We do need a moaning about Halloween Topic.

CrowyMcCrowFace Sat 22-Oct-16 00:47:24

I think everyone has got it in recent years!

Some of us like to 'do' Halloween, others don't. You leave non participants (identified by not decorating house) in peace.

The rest of us can then enjoy the fun.

previously1474907171 Sat 22-Oct-16 01:06:34

Trick or treating with the locals is fine.

Being invaded by busloads of children from other areas rushing round to get to as many houses as possible in their greed is not fine. We couldn't believe it, there were hordes of them and loads of men and no way were they locals. I was alone in the house and I hid.

It was our first year in this house and it was not pleasant. No idea why so many or where they were from, there was no warning that it was an event or anything.

HappyCamel Sat 22-Oct-16 01:22:51

It's a huge community gathering here in the US. Especially in the Southern States where the weather is still warm. Everyone sits on deck chairs at the end of their drives to chat and hand out candy. Lots of people have parties. We got to know all our neighbors, it's great. Most people decorate their houses with a mixture of fall and halloween themed decorations. This year we have a projector animating a pumpkin, a scarecrow, a graveyard in our front lawn and a projector making it look like there are ghosts looking out of our front bedroom window. We will be far from the most decorated. We will all dress up.

It's just totally totally different to how it is in the U.K. and is friendly and lovely. She is not being U to miss it and want to find it. It was a huge and wonderful surprise to find out about this festival when we moved here. She won't find it though. The closest she'll get is bonfire night, which is the U.K. community celebration and which obviously isn't celebrated here.

MuffyTheUmpireSlayer Sat 22-Oct-16 01:33:13

Like many American things, it's been a tradition here for years. Generally children, on that one night of the 365 in the year, get dressed up and go to houses that have been decorated. For one night. Houses that are obviously participating. So yes, YABU.

BradleyPooper Sat 22-Oct-16 02:28:31

Also in a southern state of the usa. Houses in my neighborhood have been decorated for weeks, kids will dress up and knock on doors of houses that are decorated. They will be offered candy. Many neighbors sit on lawn chairs outside their houses with a beer or glass of wine, congratulate the kids o their costumes and hand out candy. It's all very sweet natured and over by 8.30pm. We don't get any nastiness or older teens trick or treating and there are no tricks. If you dont like it, dont participate. What is the problem?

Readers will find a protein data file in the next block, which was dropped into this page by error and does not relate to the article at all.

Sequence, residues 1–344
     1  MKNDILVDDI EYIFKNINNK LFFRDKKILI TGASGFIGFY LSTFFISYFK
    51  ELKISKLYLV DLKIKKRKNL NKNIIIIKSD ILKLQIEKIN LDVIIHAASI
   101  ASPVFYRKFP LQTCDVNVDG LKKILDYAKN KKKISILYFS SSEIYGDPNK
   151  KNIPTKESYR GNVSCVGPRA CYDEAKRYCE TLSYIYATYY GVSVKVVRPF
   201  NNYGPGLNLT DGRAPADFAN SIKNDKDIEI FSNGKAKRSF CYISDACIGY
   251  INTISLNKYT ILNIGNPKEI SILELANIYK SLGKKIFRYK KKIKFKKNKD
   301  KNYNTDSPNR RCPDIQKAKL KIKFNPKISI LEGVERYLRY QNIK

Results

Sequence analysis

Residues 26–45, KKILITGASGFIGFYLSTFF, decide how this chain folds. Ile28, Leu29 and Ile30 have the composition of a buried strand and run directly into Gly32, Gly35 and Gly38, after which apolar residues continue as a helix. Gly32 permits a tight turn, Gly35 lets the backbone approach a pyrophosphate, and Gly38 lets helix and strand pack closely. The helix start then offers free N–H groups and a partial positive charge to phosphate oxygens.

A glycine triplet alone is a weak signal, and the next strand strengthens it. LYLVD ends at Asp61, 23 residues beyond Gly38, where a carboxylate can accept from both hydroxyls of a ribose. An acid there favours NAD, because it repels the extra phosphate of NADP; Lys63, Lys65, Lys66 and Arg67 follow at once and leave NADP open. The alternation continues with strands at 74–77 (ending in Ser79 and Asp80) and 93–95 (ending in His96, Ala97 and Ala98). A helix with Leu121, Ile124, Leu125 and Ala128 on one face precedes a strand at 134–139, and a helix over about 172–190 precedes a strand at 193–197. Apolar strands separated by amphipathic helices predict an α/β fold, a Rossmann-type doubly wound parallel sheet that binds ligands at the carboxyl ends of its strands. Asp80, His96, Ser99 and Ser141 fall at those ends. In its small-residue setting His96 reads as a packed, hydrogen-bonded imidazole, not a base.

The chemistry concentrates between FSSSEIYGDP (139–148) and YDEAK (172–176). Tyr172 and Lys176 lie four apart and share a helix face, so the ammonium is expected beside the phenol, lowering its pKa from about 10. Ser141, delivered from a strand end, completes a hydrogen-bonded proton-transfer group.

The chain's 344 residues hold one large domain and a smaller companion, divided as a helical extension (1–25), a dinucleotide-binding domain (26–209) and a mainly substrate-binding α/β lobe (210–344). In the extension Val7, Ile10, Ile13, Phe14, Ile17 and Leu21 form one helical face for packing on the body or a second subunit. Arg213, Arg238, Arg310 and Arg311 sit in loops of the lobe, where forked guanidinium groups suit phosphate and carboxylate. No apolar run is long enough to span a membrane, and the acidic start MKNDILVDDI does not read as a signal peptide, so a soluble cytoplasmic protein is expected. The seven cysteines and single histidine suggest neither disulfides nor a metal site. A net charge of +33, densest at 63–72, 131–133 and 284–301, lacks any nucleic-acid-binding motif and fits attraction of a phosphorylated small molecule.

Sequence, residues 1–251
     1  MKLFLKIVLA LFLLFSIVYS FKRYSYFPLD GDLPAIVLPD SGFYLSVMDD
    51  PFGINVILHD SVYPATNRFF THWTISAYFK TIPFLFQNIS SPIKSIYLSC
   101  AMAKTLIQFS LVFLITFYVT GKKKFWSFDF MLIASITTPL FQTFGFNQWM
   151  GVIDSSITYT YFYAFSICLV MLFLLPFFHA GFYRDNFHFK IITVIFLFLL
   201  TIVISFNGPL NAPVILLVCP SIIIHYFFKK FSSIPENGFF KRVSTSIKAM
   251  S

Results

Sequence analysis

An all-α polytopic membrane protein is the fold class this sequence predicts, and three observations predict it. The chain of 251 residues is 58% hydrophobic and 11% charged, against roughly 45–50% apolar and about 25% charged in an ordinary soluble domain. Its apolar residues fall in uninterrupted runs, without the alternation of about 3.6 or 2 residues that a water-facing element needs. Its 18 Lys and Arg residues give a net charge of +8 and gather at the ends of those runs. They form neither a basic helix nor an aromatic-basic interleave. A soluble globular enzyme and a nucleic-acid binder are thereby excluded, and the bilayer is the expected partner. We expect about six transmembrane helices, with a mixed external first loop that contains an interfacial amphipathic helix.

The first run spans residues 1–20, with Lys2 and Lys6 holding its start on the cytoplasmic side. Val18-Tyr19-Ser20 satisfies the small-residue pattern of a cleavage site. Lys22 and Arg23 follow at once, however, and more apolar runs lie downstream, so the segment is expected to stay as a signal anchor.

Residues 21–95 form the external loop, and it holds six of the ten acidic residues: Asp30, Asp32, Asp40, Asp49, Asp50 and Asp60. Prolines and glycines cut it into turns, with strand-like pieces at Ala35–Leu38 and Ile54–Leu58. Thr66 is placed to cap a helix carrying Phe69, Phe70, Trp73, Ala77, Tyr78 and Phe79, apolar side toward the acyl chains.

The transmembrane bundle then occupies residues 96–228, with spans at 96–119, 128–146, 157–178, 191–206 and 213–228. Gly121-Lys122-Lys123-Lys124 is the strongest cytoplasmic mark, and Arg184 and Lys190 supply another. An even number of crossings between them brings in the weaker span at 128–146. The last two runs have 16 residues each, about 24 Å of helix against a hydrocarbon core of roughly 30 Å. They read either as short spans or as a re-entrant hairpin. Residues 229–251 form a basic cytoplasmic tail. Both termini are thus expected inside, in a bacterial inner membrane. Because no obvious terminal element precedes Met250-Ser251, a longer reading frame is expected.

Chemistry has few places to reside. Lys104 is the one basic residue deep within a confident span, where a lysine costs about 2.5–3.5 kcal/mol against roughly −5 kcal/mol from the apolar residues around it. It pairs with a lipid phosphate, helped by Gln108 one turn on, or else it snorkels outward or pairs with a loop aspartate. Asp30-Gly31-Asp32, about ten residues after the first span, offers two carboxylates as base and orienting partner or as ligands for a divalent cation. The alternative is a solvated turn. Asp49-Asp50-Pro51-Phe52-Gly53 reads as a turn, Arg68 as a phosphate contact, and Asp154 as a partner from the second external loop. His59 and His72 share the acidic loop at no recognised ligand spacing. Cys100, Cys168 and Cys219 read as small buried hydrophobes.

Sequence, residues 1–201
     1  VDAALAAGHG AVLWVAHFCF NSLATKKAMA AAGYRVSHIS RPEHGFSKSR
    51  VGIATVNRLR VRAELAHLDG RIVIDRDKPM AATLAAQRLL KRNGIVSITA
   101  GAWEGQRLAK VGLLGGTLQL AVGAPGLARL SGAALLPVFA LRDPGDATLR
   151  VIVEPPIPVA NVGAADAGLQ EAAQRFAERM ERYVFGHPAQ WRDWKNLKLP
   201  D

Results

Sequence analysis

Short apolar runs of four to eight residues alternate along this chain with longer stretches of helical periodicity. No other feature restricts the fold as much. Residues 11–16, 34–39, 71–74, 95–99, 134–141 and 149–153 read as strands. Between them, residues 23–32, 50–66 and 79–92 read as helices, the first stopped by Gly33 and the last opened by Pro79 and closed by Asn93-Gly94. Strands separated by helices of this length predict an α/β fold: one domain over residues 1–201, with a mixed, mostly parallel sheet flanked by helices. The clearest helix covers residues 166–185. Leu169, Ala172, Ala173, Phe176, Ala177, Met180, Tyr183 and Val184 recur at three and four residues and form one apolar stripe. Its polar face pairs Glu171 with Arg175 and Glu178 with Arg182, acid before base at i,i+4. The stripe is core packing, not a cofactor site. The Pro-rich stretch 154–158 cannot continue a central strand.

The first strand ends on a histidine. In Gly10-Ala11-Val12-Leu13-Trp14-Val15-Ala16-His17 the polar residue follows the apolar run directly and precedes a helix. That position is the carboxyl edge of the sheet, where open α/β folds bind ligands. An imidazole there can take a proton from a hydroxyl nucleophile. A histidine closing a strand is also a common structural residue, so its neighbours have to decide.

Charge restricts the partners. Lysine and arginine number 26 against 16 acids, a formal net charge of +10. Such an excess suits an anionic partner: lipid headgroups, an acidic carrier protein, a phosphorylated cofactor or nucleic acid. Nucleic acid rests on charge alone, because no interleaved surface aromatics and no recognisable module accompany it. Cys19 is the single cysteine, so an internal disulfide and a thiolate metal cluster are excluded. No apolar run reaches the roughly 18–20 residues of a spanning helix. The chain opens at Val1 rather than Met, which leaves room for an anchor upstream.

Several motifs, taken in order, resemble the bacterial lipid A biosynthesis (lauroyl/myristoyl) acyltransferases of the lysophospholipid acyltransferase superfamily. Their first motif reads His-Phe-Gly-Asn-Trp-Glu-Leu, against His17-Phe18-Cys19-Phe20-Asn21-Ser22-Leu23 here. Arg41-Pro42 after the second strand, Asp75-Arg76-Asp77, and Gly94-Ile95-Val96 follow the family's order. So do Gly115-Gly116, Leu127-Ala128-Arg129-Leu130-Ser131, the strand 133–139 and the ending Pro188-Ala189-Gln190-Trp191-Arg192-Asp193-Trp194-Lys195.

LagunaBubbles Sat 22-Oct-16 03:56:45

Worra there's been one this year already. It's like MN bingo, it's not truly Halloween until these threads appear. Don't understand why some people get so het up about this, especially since they don't participate. So Yabu OP - it's a bit of fun, my 23 and 14 year old have loads fab memories and now my 8 year old will to.

CanadaMoose Sat 22-Oct-16 04:10:04

I am from Canada, and trick or treating is part of the culture here. Every child grows up doing it. It's not begging - it's a wah to celebrate an old pagan tradition with an element of fun. Just turn off your lights and nobody will come to your house.

londonrach Sat 22-Oct-16 04:59:20

Of course it is this. First is hallowe'en begging post on mn ive seen this year. Now im looking forward to the xmas posts🤗

Tootsiepops Sat 22-Oct-16 05:12:03

I have a question - I'm Scottish, but now live in Kent. Last year was my first Halloween in our new house, and even though we hadn't put any decorations up, we still had lots of kids knocking the door (accompanied by parents).

I was really disappointed when none of them told a joke, or sang a song or anything as this is the norm where I grew up in Glasgow.

Is that not the done thing in England? I was so looking forward to hearing cute children telling bad jokes! smile

Oblomov16 Sat 22-Oct-16 05:22:13

There's no 'trick or treat' anymore. No one even says that anymore. Anyone asked for a 'trick' recently? Did you get one? Nope, thought not. Now it's just primary school children in a costume and everyone gets a sweet.